Kerry urges world leaders to set ‘ambitious goals’ for emissions treaty

Source: Lisa Friedman, E&E reporter • Posted: Monday, September 22, 2014

Kerry’s comments at the opening of Climate Week events here were his second in as many days pledging that the United States is moving ahead domestically and pushing others to do more. He touted the Obama administration’s plans to regulate power plant emissions and claimed the United States has done more to cut carbon in the past five years than in the past 20 combined.

“It doesn’t cost more to deal with climate change. It costs more to ignore it and put our head in the sand and continue down this road of obfuscation and avoidance. And we need to make it clear to the people of this country,” Kerry said.

More than 120 heads of state will convene at the United Nations tomorrow for a first-of-its-kind summit aimed at setting the stage for a new global agreement. Expected to be inked in Paris in 2015, the deal calls on all major emitters to cut carbon after 2020. Countries have been asked to announce those new targets by early next year.

Kerry today pledged that the United States will be ready and said the country and China are working closely to prepare for Paris.

“If together we can state ambitious goals for the next year, our hope is that it will act as a major incentive for next year,” he said.

Kerry, who has been working on climate issues for more than 20 years and pushed unsuccessfully for climate legislation when he served in the Senate, said the key to making Paris a success is for countries to work together.

“The 2015 U.N. agreement is not going to be the final step toward solving climate change, but I’ve got news for you. It’s going to be the most important one, perhaps since Kyoto,” he said.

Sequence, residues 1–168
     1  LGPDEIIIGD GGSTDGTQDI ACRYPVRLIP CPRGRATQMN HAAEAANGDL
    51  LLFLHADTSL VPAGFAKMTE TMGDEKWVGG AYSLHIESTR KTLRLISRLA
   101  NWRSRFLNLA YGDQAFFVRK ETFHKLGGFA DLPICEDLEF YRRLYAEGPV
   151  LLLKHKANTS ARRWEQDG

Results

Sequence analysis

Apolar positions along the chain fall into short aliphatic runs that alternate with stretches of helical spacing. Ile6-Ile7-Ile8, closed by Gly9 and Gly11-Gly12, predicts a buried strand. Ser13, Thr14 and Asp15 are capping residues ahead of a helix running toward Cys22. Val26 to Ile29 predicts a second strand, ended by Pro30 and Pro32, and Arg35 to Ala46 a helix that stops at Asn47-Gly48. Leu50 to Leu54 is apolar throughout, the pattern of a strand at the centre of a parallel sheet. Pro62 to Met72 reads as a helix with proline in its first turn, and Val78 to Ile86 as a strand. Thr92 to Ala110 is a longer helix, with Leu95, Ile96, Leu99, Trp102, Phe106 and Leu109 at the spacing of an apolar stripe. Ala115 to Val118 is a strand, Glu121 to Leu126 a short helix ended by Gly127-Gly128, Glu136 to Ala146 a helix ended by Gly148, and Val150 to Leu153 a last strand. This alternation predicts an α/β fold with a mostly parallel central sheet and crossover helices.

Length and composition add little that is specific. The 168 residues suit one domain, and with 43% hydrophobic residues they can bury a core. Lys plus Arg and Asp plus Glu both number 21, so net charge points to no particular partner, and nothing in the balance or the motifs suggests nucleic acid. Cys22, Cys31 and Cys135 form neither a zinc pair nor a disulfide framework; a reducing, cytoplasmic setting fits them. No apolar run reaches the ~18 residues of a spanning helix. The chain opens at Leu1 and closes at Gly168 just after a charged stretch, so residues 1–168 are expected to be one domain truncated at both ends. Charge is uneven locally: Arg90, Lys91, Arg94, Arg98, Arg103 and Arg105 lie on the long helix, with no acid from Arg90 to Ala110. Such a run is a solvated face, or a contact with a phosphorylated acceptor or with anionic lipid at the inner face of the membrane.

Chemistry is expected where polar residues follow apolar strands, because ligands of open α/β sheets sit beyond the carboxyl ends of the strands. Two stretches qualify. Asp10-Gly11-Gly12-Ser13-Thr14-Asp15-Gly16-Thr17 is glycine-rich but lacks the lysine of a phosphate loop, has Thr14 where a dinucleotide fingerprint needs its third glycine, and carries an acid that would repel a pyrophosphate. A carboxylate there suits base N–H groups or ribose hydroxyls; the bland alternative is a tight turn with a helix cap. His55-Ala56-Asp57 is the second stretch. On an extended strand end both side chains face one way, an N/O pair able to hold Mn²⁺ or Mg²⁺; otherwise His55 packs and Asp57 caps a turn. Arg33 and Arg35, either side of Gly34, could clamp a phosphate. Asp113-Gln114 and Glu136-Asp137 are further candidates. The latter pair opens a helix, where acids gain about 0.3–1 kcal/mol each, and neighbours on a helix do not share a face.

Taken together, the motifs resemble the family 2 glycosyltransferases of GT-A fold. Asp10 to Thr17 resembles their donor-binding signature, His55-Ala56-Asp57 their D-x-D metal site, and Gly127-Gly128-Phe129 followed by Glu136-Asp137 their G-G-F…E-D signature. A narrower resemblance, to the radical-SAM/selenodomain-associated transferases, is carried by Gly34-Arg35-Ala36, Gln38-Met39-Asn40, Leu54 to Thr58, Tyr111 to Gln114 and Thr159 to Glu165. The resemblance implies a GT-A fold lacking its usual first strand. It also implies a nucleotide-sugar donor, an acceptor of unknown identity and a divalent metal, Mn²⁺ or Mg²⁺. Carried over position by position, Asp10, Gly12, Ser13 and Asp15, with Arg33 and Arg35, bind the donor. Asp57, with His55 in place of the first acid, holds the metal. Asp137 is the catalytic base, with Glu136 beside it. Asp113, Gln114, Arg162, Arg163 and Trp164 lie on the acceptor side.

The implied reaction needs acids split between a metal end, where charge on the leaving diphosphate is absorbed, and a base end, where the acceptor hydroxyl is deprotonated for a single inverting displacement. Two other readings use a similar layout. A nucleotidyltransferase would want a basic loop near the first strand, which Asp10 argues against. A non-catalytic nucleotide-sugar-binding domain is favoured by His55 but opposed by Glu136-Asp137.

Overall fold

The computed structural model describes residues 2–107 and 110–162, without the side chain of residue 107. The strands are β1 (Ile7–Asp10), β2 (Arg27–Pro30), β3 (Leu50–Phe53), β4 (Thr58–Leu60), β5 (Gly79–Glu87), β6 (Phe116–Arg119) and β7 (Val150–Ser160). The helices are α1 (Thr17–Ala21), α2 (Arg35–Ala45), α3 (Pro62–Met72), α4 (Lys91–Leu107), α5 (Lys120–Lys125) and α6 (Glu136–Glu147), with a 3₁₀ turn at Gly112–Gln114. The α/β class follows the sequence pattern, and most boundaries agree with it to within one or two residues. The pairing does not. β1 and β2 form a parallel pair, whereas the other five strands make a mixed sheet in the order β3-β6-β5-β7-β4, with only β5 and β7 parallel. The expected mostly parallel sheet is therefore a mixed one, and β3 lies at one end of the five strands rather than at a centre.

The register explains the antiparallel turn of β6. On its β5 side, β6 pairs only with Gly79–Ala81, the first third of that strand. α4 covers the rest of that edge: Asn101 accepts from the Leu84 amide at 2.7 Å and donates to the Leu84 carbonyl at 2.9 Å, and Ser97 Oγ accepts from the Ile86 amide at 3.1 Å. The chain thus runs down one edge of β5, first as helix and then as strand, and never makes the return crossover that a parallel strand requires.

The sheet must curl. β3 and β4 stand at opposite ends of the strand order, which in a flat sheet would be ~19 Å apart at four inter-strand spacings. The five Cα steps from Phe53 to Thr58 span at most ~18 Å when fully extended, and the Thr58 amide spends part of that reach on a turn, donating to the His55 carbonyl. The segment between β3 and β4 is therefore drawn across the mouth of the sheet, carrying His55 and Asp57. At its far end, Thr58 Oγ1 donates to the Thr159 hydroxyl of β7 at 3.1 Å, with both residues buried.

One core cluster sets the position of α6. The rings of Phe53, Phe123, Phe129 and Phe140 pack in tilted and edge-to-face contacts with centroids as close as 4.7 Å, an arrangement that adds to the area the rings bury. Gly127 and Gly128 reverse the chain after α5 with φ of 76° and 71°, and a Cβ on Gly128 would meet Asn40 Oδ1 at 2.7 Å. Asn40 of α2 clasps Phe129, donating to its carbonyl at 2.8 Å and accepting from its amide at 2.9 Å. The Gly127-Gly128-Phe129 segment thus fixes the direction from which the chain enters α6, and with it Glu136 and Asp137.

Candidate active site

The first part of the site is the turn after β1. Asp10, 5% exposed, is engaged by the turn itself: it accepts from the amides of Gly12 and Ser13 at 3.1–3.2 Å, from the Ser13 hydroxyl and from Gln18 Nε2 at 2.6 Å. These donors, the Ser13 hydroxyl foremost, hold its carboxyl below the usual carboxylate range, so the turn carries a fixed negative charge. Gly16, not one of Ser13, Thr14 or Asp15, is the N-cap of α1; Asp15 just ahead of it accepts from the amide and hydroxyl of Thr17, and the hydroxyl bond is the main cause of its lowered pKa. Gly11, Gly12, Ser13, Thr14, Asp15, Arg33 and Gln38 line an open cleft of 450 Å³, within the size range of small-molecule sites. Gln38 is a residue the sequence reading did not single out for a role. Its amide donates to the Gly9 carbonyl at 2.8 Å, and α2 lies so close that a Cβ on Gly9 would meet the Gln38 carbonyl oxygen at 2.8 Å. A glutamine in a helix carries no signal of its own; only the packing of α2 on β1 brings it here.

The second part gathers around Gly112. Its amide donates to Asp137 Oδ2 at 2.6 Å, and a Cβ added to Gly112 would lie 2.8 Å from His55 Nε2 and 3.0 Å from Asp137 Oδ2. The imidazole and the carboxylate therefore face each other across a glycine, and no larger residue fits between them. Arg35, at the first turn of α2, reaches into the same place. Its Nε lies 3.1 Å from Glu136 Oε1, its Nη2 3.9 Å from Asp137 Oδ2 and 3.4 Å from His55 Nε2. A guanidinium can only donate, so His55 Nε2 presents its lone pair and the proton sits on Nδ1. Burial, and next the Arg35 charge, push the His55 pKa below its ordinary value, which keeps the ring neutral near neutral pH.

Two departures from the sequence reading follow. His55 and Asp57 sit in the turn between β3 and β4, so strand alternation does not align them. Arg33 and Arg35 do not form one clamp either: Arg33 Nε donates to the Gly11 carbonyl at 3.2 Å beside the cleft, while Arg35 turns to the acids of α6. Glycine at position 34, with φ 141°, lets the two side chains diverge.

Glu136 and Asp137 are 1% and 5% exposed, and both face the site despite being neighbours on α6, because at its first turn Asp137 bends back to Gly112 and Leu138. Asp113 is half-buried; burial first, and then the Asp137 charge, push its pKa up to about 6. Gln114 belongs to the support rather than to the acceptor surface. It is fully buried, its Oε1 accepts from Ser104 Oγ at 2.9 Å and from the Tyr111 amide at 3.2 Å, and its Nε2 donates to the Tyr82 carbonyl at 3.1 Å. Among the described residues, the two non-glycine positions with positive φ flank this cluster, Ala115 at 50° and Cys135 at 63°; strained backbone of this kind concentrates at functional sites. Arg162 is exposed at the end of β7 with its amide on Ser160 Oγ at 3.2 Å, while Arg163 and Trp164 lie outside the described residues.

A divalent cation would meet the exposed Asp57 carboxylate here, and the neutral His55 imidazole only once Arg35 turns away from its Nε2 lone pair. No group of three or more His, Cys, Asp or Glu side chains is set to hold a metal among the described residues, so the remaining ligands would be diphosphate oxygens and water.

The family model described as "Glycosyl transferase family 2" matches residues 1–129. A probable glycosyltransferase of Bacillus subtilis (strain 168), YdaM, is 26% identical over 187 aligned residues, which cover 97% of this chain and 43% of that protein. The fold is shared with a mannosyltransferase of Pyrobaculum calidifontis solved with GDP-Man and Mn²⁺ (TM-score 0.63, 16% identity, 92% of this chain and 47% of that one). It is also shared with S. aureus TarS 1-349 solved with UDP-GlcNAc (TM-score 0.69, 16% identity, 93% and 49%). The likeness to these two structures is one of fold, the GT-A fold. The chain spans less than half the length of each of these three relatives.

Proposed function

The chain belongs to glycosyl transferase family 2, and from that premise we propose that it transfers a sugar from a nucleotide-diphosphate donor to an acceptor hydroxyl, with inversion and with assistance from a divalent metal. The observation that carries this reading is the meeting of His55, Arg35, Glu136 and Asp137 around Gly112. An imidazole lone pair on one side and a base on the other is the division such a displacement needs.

Tomorrow’s summit has attracted hundreds of businesses announcing new moves to cut deforestation in their supply chains, boost renewable energy and measure carbon emissions.

In one of the morning’s biggest announcements, Russia and China embraced putting a price on carbon as a key strategy in reducing the threat of climate change. The major climate polluters joined about 80 other national and local governments from South Africa to Tokyo as well as more than 1,000 companies including Nokia and Shell Oil Co.

“Today we see real momentum,” World Bank President Jim Kim said. “Governments representing almost half of the world’s population and 52 percent of global GDP have thrown their weight behind a price on carbon as a necessary, if insufficient, solution to climate change and a step on the path to low carbon growth.”

Ray Johnson, senior vice president of Lockheed Martin Corp., called climate change a “clear and present danger” and called for more investments in clean technology.

“We need to take this threat seriously, and we need to start determining solutions now,” he said.